What difference does accountability make? Six real life examples from Tanzania (and a great job opportunity)
One of my favourite Oxfam projects is Chukua Hatua (CH) in Tanzania, which is using an evolutionary/venture capitalist theory of change to promote accountability in a couple of regions of the country. CH is now looking for a new coordinator, because the wonderful Jane Lonsdale is moving on – if you fancy taking over, check out the job ad (closing date 20 July).
1) In Piyaya village (Ngorongoro) women activists who had received CH training on Women in Leadership (WIL) complained to the government about an urgent need for measles vaccinations during an outbreak, organising themselves and then asking for meetings with the village government, councillor and district medical officer. The local authority responded quickly and together with the village government carried out a vaccination programme that also targeted remote sub-villages.
2) In Negezi village (Kishapu), the CH farmer animator mobilised people to ask the government for support to get out-of-school orphans into education. They then wrote to the local authority proposing the construction of a market space in their village so they don’t have to endure a return walk of 4 hours to the nearest market to buy and sell goods. They got the councillor on board and followed up remorselessly; the local authority has agreed and allocated a space and money to construct a market place.
3) In Shinyanga district, CH organized students to hold elections for their student councils and chose girls as the head prefect in 80% of cases. These new leaders then questioned teachers on their lack of attendance to deliver lessons and worked with head teachers to convey their views to the school management committees. School management are now monitoring and trying to improve teacher performance.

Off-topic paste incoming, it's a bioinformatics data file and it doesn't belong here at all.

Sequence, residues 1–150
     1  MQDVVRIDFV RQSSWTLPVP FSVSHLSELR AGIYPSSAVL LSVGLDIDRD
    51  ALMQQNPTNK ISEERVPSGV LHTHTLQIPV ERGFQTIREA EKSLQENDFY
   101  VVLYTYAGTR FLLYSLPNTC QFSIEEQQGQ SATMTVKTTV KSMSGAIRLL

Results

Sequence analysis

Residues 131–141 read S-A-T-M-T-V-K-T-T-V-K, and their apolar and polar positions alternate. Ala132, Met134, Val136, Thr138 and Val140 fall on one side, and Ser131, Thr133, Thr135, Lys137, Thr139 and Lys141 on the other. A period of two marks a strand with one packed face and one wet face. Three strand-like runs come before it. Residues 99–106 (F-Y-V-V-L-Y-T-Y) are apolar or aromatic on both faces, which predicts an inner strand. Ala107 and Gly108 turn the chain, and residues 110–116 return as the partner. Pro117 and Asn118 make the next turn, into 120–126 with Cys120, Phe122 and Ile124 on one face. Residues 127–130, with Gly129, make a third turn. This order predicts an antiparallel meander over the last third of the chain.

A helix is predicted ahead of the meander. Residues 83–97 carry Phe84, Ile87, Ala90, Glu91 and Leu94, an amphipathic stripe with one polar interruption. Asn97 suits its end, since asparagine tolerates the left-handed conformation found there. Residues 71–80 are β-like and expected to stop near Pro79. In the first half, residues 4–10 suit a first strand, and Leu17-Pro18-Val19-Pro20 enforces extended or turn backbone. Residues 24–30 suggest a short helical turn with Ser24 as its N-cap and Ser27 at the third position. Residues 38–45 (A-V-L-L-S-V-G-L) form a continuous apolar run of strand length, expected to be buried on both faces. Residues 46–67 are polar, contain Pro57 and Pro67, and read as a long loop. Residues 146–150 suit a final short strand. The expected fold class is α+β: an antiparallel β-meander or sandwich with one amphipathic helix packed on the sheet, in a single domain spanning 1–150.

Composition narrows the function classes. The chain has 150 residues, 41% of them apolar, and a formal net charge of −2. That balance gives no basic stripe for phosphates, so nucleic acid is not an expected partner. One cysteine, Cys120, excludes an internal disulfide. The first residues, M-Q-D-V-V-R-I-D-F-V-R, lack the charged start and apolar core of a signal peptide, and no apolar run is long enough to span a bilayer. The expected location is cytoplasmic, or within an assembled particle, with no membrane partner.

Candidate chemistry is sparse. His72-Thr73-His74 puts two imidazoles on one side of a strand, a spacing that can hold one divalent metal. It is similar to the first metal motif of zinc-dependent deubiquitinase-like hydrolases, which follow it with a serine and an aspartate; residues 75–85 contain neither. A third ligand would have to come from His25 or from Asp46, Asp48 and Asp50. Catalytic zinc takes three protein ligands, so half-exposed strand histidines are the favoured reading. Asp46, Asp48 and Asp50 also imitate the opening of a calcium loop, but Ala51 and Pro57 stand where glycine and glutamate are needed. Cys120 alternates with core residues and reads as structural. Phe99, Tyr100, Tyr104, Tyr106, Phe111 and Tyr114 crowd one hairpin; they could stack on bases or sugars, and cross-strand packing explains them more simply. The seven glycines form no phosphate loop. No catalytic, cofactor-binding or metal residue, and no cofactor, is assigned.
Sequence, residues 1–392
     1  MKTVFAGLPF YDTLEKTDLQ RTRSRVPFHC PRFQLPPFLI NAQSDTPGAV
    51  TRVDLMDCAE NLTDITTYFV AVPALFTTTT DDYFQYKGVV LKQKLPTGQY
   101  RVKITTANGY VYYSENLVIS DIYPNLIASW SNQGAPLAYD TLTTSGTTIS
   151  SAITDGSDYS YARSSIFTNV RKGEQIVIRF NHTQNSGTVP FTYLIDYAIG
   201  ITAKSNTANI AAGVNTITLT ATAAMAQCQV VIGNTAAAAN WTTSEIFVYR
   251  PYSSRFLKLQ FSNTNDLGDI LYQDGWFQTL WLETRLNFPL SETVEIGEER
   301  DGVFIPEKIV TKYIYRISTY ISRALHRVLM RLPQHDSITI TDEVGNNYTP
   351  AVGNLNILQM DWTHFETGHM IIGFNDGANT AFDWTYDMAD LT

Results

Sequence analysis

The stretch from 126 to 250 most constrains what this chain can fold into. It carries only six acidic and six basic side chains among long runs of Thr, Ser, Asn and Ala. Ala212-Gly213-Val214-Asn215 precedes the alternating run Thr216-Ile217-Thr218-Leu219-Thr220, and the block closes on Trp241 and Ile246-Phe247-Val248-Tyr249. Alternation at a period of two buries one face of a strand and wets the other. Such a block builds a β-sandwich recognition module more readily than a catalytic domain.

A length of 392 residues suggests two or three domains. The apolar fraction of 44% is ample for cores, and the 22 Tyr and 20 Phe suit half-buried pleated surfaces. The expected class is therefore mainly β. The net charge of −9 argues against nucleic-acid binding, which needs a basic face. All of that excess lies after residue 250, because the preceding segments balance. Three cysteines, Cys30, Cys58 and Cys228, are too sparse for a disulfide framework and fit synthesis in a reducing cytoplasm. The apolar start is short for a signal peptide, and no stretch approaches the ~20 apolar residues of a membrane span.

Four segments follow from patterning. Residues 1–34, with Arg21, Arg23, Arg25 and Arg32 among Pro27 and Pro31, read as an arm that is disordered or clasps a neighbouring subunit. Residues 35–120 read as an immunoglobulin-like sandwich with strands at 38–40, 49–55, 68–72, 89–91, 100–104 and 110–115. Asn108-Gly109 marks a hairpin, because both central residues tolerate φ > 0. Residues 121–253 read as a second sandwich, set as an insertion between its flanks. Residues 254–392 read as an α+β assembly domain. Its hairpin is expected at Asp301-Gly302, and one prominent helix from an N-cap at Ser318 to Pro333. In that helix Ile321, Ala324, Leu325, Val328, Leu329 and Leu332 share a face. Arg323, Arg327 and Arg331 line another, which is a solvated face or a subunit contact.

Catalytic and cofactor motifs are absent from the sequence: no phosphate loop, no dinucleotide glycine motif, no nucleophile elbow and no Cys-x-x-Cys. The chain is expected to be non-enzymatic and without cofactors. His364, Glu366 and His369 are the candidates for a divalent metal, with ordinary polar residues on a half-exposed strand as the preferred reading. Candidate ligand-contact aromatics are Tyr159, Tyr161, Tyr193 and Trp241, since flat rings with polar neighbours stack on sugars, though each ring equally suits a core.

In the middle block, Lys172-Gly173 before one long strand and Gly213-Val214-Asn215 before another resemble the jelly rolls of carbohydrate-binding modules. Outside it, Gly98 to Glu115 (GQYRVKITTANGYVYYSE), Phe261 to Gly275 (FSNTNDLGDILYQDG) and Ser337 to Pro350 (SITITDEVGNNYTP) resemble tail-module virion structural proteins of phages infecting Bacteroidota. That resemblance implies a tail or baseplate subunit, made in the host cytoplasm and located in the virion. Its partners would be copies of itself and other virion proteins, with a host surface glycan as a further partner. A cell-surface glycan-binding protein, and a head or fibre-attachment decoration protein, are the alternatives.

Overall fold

4) In Malambo village (Ngorongoro), CH election trackers are monitoring the fulfilment of electoral promises by their councillor and MP, after using voice recorders to record the promises of all candidates during election rallies. The councillor is responding by meeting some of his promises, including the building of a new road, new classrooms and a mobile phone tower, improving both digital and physical communications to the village.
5) In Mwime village (Kahama) the CH farmer animator mobilised villagers to complain about the US$100,000 owed by a Barrick Gold mine, and the village’s lack of genuine representation on the committee established to oversee the contract between mine and villagers. She persuaded the councillor and the MP to bring in a parliamentary committee, and an agreement was made that a new trust would be formed to oversee the compensation and the committee selection would be changed to give fairer representation for the villagers. The committee gave 500,000 Tanzanian shillings (US$325) on the spot for the village to set up a bank account. The village then held a press conference to publicise what had been agreed.
6) In Ololosokwan (Ngorongoro) village, the community won a court case against a tourism company that had obtained a fake title deed back in 1992. In this community, which has several CH groups, CH linked up local NGOs with an international law firm that provided the village with pro bono technical advice and lawyers, winning a favourable ruling by the judge. 25,000 hectares of land (about half the village) has been returned to the village.
And here’s a 15 minute video introducing the CH theory of change and its several initiatives (election promise tracking, farm animators etc)
Once again, if this inspires you, check out the job ad.